People across Hawke's Bay are connecting the dots when it comes to water.
The gastro outbreak casts doubt on the sanctity of our "pristine" aquifers.
Extensive media coverage has alarmed many, many more citizens than were personally infected by the campylobacter bug.
The heightened "water consciousness" has roused the community around a host of water issues.
Cows in the Tukituki just upstream from the Havelock North aquifer it feeds.
Further up the Tuki, shocking photos of feedlots where thousands of cows are confined near streams feeding the river, which serves as a farm drain for their effluent.
The daily waste of 1000 cows is more than that of the entire population of CHB. Similar photos have been taken along the Ngaruroro, which feeds the Heretaunga aquifer.
Back on the Tukituki, the wastewater plants at Waipawa and Waipukurau still fail to meet all compliance requirements, 10 years after the Environment Court lifted their standards. And these poo ponds overflow with regularity into the Tuki.
Building a dam will compound this Tuki mess by nearly doubling the amount of nutrients leached into the catchment.
Incredibly, dam advocates morph this into a benefit. Moving from the Tuki, regional council data indicates water levels in the Heretaunga aquifer have been declining for at least 20 years.
Yet we continue to grant consents (nine at last count) to those who want to bottle and export water from that aquifer. What ever happened to the "precautionary principle"?!
And rubbing salt in the wound, while Havelock residents were forced to replace their free natural water with purchased bottled water, those exporting our water take it for free, with no economic return to the people of Hawke's Bay.
No more water bottling consents should be issued until/unless we establish the long-term sustainability of potentially unlimited water bottling takes. And, if the takes are sustainable, until we find a way to compensate our community for this use of our water.
Thank god the oil industry has given up on Hawke's Bay (at least for now), or we'd face another threat to our aquifers - fracking. Instead we face the prospect of long-term chlorination.
How has all this happened?
Because too many councillors have been asleep at the wheel. At HBRC five councillors - the Dam Five - have been in a deep coma. Repeatedly, four councillors - Belford, Barker, Beaven and Graham - have attempted to stop the practices described above. We sounded the horn, but we haven't controlled the wheel or the brake.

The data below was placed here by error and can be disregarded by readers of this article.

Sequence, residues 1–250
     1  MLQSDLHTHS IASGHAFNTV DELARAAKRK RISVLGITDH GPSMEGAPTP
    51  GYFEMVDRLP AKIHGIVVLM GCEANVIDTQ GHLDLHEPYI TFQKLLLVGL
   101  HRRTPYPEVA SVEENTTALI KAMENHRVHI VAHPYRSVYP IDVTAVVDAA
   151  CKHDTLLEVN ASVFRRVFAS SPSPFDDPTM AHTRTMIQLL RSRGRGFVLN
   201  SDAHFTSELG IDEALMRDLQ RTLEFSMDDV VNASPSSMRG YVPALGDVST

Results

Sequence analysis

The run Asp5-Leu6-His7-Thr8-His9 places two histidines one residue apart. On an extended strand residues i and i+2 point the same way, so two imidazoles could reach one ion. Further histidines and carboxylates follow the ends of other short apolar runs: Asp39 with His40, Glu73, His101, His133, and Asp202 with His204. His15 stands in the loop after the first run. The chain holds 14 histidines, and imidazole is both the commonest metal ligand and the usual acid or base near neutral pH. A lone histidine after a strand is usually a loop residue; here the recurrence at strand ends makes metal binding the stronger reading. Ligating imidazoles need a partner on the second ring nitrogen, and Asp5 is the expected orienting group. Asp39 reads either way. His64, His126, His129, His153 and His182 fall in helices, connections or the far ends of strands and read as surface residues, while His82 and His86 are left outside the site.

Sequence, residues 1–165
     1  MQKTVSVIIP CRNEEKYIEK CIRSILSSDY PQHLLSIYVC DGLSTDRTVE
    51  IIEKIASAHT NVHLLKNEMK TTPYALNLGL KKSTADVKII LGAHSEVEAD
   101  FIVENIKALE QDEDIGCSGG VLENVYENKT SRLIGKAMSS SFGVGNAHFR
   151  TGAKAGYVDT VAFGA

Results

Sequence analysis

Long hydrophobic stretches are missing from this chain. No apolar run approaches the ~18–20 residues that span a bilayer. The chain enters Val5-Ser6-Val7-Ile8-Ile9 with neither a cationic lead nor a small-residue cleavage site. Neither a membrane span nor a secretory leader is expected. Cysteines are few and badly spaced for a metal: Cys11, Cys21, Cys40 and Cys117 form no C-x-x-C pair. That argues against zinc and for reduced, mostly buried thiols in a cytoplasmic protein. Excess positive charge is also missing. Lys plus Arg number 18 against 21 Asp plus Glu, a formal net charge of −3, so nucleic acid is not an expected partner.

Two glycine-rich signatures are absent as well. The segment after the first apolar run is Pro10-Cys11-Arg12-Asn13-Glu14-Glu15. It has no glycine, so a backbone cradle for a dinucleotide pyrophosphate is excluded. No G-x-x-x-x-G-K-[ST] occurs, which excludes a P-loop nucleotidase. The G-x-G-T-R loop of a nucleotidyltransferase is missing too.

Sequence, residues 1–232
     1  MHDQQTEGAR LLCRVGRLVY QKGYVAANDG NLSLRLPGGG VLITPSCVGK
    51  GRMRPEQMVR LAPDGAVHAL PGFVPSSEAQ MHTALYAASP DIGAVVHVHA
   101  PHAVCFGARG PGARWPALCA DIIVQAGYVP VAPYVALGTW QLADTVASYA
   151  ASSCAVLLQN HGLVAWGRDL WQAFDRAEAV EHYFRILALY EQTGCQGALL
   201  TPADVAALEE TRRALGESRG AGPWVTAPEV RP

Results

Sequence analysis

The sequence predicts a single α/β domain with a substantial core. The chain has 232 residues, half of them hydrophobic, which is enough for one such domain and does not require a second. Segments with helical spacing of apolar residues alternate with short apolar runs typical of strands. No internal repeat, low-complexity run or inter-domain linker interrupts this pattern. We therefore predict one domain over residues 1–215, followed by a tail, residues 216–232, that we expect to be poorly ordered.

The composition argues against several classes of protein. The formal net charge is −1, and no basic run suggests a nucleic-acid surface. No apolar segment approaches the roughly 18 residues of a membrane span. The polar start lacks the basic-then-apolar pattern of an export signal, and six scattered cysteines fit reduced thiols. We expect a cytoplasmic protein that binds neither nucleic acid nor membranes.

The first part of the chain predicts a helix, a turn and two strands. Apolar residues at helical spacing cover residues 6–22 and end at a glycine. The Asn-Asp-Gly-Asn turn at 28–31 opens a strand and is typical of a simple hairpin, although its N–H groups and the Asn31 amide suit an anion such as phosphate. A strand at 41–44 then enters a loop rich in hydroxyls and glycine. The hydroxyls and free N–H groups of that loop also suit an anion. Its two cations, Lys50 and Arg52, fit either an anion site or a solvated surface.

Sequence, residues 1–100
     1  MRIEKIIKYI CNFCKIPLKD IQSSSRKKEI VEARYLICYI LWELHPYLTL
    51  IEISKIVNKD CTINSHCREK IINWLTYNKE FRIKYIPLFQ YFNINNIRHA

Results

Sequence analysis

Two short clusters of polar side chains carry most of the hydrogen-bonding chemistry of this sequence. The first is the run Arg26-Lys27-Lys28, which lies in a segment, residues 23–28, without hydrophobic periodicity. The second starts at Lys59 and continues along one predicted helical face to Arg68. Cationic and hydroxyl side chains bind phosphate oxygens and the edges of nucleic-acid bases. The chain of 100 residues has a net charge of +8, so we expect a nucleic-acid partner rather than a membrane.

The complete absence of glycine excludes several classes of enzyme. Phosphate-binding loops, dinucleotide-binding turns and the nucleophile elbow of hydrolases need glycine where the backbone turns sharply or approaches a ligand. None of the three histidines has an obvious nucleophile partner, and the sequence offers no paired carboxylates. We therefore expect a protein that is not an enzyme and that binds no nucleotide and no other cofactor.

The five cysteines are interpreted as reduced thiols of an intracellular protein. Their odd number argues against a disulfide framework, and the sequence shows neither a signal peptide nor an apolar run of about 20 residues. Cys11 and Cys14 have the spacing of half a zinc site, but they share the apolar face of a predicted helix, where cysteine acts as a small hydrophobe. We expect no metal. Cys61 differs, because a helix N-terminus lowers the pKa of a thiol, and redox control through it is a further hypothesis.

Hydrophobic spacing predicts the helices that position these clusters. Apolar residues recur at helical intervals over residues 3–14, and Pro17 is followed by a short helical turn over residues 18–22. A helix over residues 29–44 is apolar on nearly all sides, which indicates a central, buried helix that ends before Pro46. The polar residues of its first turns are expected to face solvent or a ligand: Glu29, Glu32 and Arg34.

Protesting cows in the river, we're told wait until 2020, when new rules come into play.
What about providing incentives to act more quickly? Backed by official pressure.
To no avail, we've called time and again for more pressure on the CHB Council to get its sewage treatment right - a topic studiously avoided by CHB's regional councillor, as it would suggest the Tuki's not dam-ready.
We've tried to get ahead of any future oil and gas drilling by placing tighter restrictions on development, including fracking.
Thwarted again. Long before the flip-flopping of HBRC candidate Cynthia Bowers on water bottling began (first she's for it, gushing over the business; then reading the political winds, she's against it ... what next?), we four councillors pressed unsuccessfully to stop water bottling consents. And we were rebuffed in efforts to commit more money NOW to better study our aquifer.
And finally, the proposed dam. Another example of where councillor Bowers struggles to keep her canoe upright in the campaign rapids. Is she FOR the dam, but only with conditions that make it impossible? Or AGAINST, but keeping her options open as she "discovers" more information that might change her mind? It's a dam mystery.
Unlike councillor Bowers, councillors Belford, Barker, Beaven and Graham have digested the case for and against. We've voted AGAINST awarding the scheme $80 million. Again over-ruled by the Dam Five.
We four have dug deeply into each of these issues and consistently done our best as a team to limit the damage. Some call that bickering. We call it our duty - defending on all fronts the integrity of HB's most precious resource.
Councillor Bowers has had 21 years to sort out the water responsibilities of the Hastings Council, and we still have drinking water problems, still no contingency plan for dealing with a water-borne outbreak, and the threat of permanent chlorination.
We don't have another 21 years for her to get up the learning curve, test the political winds, and sort the rest of Hawke's Bay's water issues.
Like the public, we four Hastings/Heretaunga councillors have already connected the dots. We're already on the case, awaiting just one more like-minded councillor from Napier, CHB or Wairoa.
- Tom Belford is a Hawke's Bay regional councillor and is standing for re-election in the October local government elections.
- Views expressed here are the writer's opinion and not the newspaper's. Email: email@example.com